You Should Know… Samantha Sisisky

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Samantha Sisisky. Photo courtesy of Samantha Sisisky

Samantha Sisisky, a Washington, D.C., resident, has spent her entire career working for Jewish organizations, with a special interest in philanthropic work, which includes roles at the Jewish Federation of Greater Washington, BBYO, Capital Camps and now a new position as senior director of stewardship and communications at ImpactIsrael, an organization dedicated to helping at-risk youth in Israel.

Sisisky’s career is the culmination of a very strong Jewish upbringing in Richmond, Virginia, where she was deeply involved in the tight-knit Jewish community and where she developed her passion of helping other Jews.

Can you tell me about the career path you’ve taken?

I moved to D.C. from Israel. I was living there for about two years, and I was ready to come back to the U.S. I was looking for a job in the Jewish community and I had interned at the Federation when I was an undergrad in college. An opportunity for a job opened up in women’s philanthropy, and so I guess the stars kind of aligned with the timing of when they were looking for someone, when I was coming back and what I was looking to do, so that was just my first entry point. Ever since then, I’ve stayed in the space of the Jewish world and fundraising. After a couple of years at Federation with women’s philanthropy, I moved to BBYO, and I was overseeing development for this area — the D.C. area along with at different times, Philly, Virginia, North Carolina, South Carolina, all the way down to Florida at some point. And then I was working at Capital Camps for about a year and a half, for two summers, as their development director. Then this opportunity, this new role came, and it was a great opportunity to continue my work in the Jewish world, on the Israel side, and to continue working with youths, something I feel strongly about. My background was BBYO and on to Capital Camps, and so being able to work at ImpactIsrael, where we’re helping at-risk youth in Israel, really was just a great next step, a great fit for me and my passion.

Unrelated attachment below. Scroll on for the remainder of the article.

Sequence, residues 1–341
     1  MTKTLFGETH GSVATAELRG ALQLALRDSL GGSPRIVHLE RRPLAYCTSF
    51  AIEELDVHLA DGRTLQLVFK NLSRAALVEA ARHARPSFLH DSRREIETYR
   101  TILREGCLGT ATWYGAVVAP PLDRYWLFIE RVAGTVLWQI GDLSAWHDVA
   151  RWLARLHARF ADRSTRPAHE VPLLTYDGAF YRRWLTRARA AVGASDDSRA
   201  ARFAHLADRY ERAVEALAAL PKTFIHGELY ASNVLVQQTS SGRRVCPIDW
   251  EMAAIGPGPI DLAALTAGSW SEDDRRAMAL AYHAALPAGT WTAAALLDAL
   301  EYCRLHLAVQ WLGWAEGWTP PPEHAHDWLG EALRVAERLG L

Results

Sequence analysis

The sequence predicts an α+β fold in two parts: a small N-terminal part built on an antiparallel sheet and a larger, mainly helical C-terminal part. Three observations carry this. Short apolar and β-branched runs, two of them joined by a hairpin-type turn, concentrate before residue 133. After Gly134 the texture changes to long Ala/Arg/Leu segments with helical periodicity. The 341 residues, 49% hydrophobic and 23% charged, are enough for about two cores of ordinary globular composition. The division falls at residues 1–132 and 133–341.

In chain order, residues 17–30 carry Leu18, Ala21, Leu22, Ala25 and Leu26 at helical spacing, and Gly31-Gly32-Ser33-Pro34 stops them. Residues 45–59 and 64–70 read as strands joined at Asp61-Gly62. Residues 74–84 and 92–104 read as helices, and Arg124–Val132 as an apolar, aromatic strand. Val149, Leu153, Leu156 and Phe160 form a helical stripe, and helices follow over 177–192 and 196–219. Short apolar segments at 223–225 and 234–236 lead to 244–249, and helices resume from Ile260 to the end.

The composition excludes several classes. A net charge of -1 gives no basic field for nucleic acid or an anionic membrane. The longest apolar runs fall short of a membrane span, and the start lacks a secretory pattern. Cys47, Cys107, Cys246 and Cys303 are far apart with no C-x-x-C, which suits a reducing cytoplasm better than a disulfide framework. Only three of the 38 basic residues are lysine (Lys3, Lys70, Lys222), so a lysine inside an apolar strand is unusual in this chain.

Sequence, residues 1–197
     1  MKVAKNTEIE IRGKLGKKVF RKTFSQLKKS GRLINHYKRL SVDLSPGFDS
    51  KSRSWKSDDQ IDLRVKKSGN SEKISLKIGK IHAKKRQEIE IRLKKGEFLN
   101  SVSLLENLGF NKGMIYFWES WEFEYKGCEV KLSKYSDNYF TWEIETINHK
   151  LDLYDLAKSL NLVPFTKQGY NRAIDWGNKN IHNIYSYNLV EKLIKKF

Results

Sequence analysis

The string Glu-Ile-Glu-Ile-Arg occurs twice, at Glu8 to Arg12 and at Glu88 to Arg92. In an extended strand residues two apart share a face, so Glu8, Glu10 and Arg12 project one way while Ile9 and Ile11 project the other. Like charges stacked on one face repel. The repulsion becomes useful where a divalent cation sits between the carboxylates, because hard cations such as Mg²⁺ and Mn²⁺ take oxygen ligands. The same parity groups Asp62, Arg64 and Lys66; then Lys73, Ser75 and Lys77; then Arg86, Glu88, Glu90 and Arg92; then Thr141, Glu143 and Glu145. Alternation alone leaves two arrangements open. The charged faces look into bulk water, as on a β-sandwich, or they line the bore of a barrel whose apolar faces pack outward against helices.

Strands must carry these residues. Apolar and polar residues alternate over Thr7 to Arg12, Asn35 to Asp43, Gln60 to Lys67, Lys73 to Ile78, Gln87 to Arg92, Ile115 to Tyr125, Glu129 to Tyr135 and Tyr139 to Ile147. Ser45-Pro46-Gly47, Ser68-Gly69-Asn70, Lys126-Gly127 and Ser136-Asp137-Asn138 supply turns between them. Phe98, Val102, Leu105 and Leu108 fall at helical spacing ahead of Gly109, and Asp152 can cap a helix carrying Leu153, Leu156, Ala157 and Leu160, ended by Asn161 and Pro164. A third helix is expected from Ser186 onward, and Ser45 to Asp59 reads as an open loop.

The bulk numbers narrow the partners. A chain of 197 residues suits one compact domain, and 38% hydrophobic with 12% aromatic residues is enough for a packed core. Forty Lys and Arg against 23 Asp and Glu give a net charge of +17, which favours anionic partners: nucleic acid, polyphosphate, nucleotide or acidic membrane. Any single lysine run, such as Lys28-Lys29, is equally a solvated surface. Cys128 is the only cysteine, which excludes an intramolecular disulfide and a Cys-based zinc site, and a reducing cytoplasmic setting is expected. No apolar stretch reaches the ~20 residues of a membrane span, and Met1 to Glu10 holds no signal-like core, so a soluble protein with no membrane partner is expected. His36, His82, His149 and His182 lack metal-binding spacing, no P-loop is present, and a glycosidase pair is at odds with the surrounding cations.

How did you realize you were interested in working in Jewish spaces?

When I first went to college and started there, I thought I was going to go to law school. As I was going through undergrad and went on Birthright and went back to Israel for an alternative spring break trip, I kind of realized what I really cared about and felt really strongly about, and so I decided to just stay on that path. So, I ended up volunteering for about 10 months in Israel in a small town called Gedera. And I was working mostly in an Ethiopian Israeli community. I stayed another year; I got a master’s degree at Tel Aviv University, and I was working part-time while doing recruitment for the program that I had just done. That was my first foray into Jewish work outside of when I was an undergrad when I had done an internship at the Federation … I grew up very involved in the Jewish community. I grew up in Richmond, which is not a huge Jewish community but is very close and tight-knit. I was the kid who taught Sunday school. I was the president of my BBYO chapter. I was very involved. Looking back, the writing was on the wall.

What are some of the things you’re responsible for in your new role?

I’m overseeing our marketing and our messaging. How do we want to communicate with both the people that are already in our sphere and how do we expand our base? How do we reach more people? I just started in October, so it’s obviously been a very intense time to be working in the Israel space. It’s very meaningful and important, more so than ever. But we’ve really been thinking about our digital strategy, our email strategy, our press and PR, and how we just want more people to know who we are and what we’re doing and really what our colleagues are doing in Israel to help the most at-risk youth in Israel — the kids that are immigrant youths, many of whom are coming to Israel without their families and who need support now more than ever.

What do you get out of doing the work that you do?

I get my life’s meaning and purpose out of it — being able to help other Jews feels like what I was meant to do. I’ve been very fortunate to be able to do that for different organizations and in different capacities, both as a professional and as a lay leader. It feels like what I’m supposed to be doing.

How does your Jewish identity impact the work that you do?

Like I said, I grew up in Richmond, which has a small Jewish population, and having felt a part of something larger than myself has always given me a lot of comfort. And this idea of being a part of a tribe, especially now in a post-Oct. 7 world, and feeling connected to Jews around the world is something that just gives me a lot of comfort and a lot of hope. And now that I have a four-year-old daughter, I want her to have that same sense of pride and comfort within the Jewish community.

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